It could be unpleasant. It often is unsettling. Twin Saga is saved, just about, from outright creepiness by two things: the sheer gusto of the writing and the relatively demure visuals. The quest text isn't merely extensive and verbose, it's baroque and bizarre, while everyone dresses as though they're about to take a walk-on part in a restoration drama.
|Okay, that's not at all inappropriate...|
I haven't taken the trouble to determine whether Dragomon Hunter and Twin Saga share a developer but I'm all but certain they share a translator. TS's quest text is nowhere near as batshit insane as DH's, which may speak to an underlying difference in authorship, but tonally they're identical.
Syp was taken aback by the vocabulary, saying "listen, I write professionally, and this game is throwing words at me that I’ve never heard of before". He wondered whether Google translate might have had a hand but I think the explanation is much more likely to be one particular translator having the time of their life and getting away with it - possibly because they're the only one in the office who speaks both languages.
|Flocculent? Flocculent?! "Bushy" wouldn't have done?|
Whoever it is knows their way around both a thesaurus and a dictionary. Almost every arcane word that appears - and there are many - is used correctly. On the other hand someone did decide to render "curlicue" as "curly-Q" so who knows? Either way I love it. I read every word, which is why it took me nearly three hours to get to level 12. Syp estimated he spent 60% of his game-time talking to NPCs but I'd guess my tally came in closer to 75%.
What I certainly didn't spend much time doing was fighting. I think almost every single quest was either a fetch or kill, usually four, sometimes six, one time eight. The universal MMO gathering action is faster here than the average and combat at these levels consists literally of drumming your fingers as fast as you like on keys 1 and 2.
That's if you're in a hurry. Autoattack works just as well. It just takes a few seconds longer. Combine that with auto-find on the quest locations and auto-complete on the hand-ins and you have one very relaxing MMO.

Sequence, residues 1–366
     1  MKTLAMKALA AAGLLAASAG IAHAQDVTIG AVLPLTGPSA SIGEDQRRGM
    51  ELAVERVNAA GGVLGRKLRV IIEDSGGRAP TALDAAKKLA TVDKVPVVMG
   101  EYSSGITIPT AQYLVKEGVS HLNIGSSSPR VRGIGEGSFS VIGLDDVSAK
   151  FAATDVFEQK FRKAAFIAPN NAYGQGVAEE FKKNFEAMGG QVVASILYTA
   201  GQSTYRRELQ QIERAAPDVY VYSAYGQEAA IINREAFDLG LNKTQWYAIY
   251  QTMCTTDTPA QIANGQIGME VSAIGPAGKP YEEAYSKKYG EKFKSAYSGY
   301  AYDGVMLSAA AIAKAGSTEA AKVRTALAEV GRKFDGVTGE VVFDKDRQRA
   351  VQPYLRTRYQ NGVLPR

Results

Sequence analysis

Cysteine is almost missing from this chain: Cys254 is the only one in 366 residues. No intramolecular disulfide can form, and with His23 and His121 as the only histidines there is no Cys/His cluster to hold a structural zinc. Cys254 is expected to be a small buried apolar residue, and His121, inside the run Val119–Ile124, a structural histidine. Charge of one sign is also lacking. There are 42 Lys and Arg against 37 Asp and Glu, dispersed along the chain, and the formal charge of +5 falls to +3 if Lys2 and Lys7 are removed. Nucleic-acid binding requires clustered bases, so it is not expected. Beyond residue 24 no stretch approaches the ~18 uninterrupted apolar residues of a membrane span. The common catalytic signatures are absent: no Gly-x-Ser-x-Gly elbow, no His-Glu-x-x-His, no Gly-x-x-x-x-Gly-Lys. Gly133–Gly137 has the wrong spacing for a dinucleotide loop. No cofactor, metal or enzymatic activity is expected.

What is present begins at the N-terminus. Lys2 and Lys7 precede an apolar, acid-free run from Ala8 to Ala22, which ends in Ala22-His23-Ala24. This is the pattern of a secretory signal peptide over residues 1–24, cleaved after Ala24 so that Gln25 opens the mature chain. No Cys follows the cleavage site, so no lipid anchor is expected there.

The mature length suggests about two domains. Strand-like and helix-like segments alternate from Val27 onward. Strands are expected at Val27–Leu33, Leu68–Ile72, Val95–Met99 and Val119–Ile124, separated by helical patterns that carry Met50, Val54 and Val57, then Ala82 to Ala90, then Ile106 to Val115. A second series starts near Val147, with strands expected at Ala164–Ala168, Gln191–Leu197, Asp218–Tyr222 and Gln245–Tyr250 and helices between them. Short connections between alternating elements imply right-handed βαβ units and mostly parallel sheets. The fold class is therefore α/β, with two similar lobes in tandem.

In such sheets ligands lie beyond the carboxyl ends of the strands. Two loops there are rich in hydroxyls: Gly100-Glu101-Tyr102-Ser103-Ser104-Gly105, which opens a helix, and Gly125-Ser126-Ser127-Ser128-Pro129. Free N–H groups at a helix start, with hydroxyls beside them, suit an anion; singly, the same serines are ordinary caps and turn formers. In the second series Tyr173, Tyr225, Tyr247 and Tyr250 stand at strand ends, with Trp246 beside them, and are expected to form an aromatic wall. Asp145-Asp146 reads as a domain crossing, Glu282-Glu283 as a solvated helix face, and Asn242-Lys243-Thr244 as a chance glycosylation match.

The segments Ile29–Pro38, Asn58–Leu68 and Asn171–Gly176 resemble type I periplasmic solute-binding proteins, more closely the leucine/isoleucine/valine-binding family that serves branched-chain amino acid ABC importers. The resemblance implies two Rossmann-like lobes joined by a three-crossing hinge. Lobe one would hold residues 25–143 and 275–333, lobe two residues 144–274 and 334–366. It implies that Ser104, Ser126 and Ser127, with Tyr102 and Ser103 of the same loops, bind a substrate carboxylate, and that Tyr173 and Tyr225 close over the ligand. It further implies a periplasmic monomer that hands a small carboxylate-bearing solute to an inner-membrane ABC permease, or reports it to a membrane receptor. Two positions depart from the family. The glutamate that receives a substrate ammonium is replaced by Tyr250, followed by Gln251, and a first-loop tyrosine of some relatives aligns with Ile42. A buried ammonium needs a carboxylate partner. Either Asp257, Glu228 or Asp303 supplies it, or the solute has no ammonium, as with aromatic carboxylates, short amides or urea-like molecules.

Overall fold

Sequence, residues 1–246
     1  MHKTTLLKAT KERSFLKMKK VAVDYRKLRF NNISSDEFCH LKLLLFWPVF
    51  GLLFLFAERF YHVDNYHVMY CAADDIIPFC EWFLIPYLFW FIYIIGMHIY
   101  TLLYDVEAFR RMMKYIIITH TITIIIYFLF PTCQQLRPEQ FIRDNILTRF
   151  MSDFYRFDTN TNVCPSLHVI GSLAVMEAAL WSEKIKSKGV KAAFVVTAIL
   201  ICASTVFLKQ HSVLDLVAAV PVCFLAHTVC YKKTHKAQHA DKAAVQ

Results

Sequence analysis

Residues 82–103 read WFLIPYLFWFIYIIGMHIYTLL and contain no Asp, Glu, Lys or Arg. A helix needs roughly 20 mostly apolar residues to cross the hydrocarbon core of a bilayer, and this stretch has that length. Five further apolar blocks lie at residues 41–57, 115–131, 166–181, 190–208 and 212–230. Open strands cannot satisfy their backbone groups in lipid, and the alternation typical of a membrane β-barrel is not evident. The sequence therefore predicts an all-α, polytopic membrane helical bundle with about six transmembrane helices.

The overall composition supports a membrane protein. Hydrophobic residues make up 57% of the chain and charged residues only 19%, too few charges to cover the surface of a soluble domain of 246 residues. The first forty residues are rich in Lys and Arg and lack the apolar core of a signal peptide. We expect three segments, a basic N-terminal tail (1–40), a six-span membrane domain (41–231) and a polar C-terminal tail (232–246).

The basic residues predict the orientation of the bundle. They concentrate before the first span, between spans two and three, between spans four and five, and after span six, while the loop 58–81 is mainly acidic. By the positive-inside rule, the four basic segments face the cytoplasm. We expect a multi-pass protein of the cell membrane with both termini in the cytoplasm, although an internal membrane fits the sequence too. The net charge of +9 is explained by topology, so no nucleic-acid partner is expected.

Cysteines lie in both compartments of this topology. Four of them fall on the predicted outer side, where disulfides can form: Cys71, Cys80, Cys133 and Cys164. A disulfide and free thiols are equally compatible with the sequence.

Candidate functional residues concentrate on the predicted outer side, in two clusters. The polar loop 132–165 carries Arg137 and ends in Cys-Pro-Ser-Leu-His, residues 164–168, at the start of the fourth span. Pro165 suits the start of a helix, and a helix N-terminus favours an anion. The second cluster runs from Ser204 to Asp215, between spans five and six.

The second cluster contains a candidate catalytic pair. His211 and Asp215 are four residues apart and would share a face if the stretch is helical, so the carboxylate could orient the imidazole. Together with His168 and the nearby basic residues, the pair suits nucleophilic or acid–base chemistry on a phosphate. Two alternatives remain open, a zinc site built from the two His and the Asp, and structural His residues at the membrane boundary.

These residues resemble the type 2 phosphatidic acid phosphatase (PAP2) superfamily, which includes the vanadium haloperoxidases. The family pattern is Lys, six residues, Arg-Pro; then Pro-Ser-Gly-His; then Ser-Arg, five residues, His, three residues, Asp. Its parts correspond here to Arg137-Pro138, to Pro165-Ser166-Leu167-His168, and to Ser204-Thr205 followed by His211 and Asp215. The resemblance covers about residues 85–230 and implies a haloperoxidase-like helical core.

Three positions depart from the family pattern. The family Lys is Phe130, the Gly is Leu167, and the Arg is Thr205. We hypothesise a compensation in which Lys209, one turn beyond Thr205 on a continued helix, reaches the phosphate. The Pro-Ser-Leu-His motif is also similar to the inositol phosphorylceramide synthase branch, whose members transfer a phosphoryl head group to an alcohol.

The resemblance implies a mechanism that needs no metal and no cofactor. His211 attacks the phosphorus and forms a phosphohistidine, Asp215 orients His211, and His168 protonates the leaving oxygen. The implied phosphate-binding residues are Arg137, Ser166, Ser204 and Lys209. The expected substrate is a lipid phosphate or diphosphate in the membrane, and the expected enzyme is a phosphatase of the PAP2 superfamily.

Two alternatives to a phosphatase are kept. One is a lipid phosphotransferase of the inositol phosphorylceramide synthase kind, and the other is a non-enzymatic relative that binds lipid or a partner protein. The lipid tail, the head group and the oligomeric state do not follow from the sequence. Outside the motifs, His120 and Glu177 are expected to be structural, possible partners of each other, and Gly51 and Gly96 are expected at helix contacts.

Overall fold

|I've seen a capybara. Trust me, they do not look like this.|
And it very definitely is an MMO. You could assume that a game such as I'm describing would be indistinguishable from a solo RPG but these are precisely the kind of mechanics that attract what is probably the real global MMO audience.
The starting areas are heaving with players. I got two friend invites in a few minutes when I was hanging around the starting village - one in a pop-up and one in a whisper. All around you can see player characters standing in pairs or clusters talking to each other. It's like these are people who've come to an MMO because there are other people there to play with not in spite of it.
If I had unlimited time I would happily play Twin Saga for an hour or two every day. It's a bit of a sugar rush but it's bright and zippy and there seems to be plenty to do. What's more, the progression mechanics don't appear to be as abstruse as they often can be. I almost understood them right off the bat.
|And so to bed.|
If I can fit a few sessions in I'm going to try to get at least as far in the main quest line as it takes to unlock the housing option - The Terracottage. One of these stomped past me while I was out adventuring and it was quite something.
That means completing the main quest sequence as far as level 21, which sounds entirely doable. I think I got further than that in Dragomon Hunter. Speaking of which, I guess I should do some more there, too.
So many games...